Wilmington is also the permanent home of the WWII battleship USS North Carolina. We could see her birthed across the river from our motel room. Just outside the motel back door, we could access the one-mile long Riverwalk that runs along the river with lots of historical markers, eateries and the Coast Guard port for the USCGC cutter Diligence. One block off the river was the historic downtown area where we saw a number of old homes, enjoyed a couple of adult beverages and ate dinner.
Before leaving the Wilmington area we stopped for a short visit at the old Brunswick Town Historical District.
The Brunswick Town Historic District contains the ruins of 18th-century commercial and residential colonial homes, the St. Philip’s Church Ruins, Fort Anderson, and Russellborough, the former governor’s mansion. Brunswick Town, settled in 1726, was a major pre-Revolutionary port razed by British troops in 1776 and never rebuilt.
During the Civil War, Fort Anderson was constructed atop the old town site, and served as part of the Cape Fear River defenses below Wilmington. An anonymous artilleryman of Company E, 36th North Carolina Regiment gave the following report for The Wilmington Journal on May28, 1863:
“We have at length, by the sweat of our brows, and the power of our bone and muscle, completed one of the most formidable batteries in the Southern Confederacy. Guided and sustained by the energy and perseverance of Major [John J.] Hedrick, commanding (who is a good commander and a gentleman to boot), we have put up a work which will compare favorably with any work of its kind in the county, and now only want certain additions to our armament to feel confident of being able to defy all Yankeedom to reach Wilmington by this route. We have, up to this time, done our full duty in building fortifications for the defense of Wilmington, as well as for the protection of our homes and firesides, our wives and children, and of most of all near and dear to us. If the enemy should ever approach us here, we intend to give him a warm reception. With the help of God, we intend to stand by our guns until the last man falls, or gain the victory.”
Well, after all that confidence, in February 1865, Union forces positioned to attack Fort Anderson. Federals attacked from the land and river. After three days of fighting, the Confederates evacuated the fort in the cover of night. The union forces attacked the next day to find the fort abandoned. So much for all the “until the last man falls” bragging!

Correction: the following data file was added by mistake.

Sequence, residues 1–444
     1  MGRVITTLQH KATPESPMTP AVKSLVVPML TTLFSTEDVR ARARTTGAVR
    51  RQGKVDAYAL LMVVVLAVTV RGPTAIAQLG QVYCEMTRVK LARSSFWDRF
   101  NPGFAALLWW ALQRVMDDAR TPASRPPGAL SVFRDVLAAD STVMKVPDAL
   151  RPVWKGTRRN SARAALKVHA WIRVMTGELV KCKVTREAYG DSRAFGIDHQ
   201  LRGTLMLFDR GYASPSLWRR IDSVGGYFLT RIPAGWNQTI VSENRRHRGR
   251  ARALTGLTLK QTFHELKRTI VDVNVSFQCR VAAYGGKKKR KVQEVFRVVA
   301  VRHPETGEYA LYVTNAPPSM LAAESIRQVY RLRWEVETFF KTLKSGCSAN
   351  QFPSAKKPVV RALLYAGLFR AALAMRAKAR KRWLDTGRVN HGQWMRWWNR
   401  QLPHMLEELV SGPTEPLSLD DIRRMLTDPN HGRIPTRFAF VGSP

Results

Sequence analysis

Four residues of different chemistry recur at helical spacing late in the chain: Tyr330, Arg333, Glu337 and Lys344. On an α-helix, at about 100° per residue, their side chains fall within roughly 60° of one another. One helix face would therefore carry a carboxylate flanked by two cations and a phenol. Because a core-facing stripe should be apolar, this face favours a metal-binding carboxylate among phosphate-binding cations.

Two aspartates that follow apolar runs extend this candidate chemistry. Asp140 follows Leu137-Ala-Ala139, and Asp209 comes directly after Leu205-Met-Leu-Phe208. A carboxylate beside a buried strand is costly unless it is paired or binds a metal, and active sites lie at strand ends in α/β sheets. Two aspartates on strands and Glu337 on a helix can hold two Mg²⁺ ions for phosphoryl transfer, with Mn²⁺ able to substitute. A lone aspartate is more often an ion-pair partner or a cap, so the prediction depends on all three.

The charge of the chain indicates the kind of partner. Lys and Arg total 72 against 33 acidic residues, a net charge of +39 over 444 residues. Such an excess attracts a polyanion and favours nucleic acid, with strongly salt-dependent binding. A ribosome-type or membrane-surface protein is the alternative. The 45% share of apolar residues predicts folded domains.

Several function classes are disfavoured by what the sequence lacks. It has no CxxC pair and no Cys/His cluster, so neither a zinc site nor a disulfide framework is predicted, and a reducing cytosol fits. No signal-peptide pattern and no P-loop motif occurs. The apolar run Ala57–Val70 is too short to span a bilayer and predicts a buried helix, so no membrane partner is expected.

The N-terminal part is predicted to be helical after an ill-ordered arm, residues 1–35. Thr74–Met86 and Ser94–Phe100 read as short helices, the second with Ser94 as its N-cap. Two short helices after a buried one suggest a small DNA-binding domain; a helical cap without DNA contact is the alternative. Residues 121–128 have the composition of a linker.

During our January trip we also had the chance to revisit Savannah, GA, Charleston, SC, Corinth, MS and Vicksburg, MS. It’s always a treat to visit these historic cities where we seem to always discover something interesting every time we are there.
A HISTORICAL CHURCH TOUR WAS UNEXPECTED
What we did not anticipate on this trip was the number of churches that we visited that turned out to be historical testimonials as well as the home of our EPC congregations. While many of the churches we visited have colorful histories, I particularly want to share the stories of five of the churches.
Now I am NOT a historian in any fashion but I do like to share stories. Over the next weeks or so, I will add to Reflections several individual stories of EPC churches in or near Charleston, SC; Charlotte, NC; Huntsville, AL; Corinth, MS; and Vicksburg, MS. I found the accounts of these churches fascinating for not only the historical content but also for the resolve and devotion of the churches. Most of the church history is from the church websites sprinkled with some area history that I have researched and blended into the telling. I will also include photos that I have taken as well as some historical images. I hope you will come back to Reflections and read along and learn not just about the church’s history but also a little about the area where they reside. some of the stories will be on the longer side. In fact, one of them will be in two parts. They will be laced with links to interesting sites and stories that I hope you will want to follow to get deeper into the stories. If you are part of the EPC I think you will enjoy learning about other churches in our denomination. If you are not a part of the EPC, I hope you will enjoy simply learning about history and the life and times of people of the past.